Climate Change: an international crime?

Climate change flooding

A University of South Wales academic will explore how climate change is represented as an international crime – thanks to humanity’s ‘grossly inadequate’ response to the climate emergency – with research funded jointly by the British Academy and the Leverhulme Trust.

Dr Filippos Proedrou, Senior Lecturer in Global Political Economy, will work alongside Dr Maria Pournara, Lecturer in Criminology at Swansea University on the project. Dr Proedrou’s expertise in EU climate security and policy has contributed to his work as an Academic Fellow with the Welsh Parliament on Wales’ climate policy.

This research aims to investigate how representations of climate change as an international crime – also known as ecocide – tie into climate action by political stakeholders, and start to track its potential usefulness for effective policy design.

Dr Proedrou said the project seeks to allow the climate change crisis to take centre stage: “Climate change remains unabated, with humanity’s response continuing to be grossly inadequate and unfit for purpose.

“Against the background of a deteriorating climate emergency that still merits a commensurate response, this interdisciplinary project will map how criminological understandings and responses to climate change are represented in scholarly literature and the policy domain and will explore the potential impact such representations have on climate legislation.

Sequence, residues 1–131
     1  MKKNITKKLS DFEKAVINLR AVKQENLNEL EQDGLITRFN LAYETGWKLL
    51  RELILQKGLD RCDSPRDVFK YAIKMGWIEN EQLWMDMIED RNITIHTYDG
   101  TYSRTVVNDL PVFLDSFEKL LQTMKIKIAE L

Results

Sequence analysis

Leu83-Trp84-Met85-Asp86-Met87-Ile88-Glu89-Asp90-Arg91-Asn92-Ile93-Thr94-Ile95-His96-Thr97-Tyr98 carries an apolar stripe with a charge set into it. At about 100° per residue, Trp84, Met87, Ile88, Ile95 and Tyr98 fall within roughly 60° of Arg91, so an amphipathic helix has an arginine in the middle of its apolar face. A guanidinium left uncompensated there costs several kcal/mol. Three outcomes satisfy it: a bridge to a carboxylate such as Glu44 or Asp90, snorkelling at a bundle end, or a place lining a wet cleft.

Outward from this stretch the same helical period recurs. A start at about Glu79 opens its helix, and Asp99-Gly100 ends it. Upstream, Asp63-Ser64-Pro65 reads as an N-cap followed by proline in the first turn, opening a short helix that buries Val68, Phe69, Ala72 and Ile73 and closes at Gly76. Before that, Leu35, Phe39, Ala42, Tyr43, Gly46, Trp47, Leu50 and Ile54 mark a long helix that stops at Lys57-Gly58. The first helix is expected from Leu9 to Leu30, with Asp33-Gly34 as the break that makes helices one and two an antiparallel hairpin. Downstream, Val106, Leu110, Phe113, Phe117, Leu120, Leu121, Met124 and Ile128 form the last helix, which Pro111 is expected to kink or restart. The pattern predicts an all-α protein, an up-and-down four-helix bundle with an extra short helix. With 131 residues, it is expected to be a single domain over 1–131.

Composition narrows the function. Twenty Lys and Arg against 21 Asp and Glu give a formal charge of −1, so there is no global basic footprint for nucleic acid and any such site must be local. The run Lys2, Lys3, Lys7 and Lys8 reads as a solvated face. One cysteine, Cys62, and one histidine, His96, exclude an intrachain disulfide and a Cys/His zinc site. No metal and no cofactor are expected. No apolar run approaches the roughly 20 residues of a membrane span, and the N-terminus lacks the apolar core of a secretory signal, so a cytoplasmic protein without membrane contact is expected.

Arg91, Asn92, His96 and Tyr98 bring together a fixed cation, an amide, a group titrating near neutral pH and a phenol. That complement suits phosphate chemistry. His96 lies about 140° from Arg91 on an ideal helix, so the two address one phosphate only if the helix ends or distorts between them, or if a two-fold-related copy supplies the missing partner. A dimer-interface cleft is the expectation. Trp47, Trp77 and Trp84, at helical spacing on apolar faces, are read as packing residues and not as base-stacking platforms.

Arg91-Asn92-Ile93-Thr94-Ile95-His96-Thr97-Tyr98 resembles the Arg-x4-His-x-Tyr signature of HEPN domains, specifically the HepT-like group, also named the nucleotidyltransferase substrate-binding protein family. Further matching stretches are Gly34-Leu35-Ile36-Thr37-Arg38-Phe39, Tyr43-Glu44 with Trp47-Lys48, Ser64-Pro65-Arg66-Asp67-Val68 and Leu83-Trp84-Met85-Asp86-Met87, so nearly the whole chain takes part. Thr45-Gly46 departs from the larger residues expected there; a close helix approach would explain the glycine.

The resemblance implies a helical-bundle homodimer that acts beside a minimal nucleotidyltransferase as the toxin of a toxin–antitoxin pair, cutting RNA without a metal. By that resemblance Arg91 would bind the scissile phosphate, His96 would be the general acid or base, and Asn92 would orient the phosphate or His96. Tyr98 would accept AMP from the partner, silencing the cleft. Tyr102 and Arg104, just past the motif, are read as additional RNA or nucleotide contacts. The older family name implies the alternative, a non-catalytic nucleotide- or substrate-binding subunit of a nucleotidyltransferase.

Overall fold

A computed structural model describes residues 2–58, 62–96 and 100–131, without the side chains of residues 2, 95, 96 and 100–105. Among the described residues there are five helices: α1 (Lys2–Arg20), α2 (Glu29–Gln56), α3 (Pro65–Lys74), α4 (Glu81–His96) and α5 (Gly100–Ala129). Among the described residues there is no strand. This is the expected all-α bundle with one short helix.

“The study will generate new empirical data through focusing on the cases of the EU and the Climate Vulnerability Forum (CVF). The project aims to build bridges between two academic realms that remain quite disjointed; climate policy and criminology, offering valuable insights to policymakers in the Global North and the Global South.

“By mapping how the representations of climate change as a social and criminological problem evolve over time, it will provide insight into policymakers’ understanding and explore trends around future climate action and policy toolbox. It contributes, this way, to the climate justice debate, as well as to a more profound understanding of what conceptual pathways can lead to more drastic climate action.”

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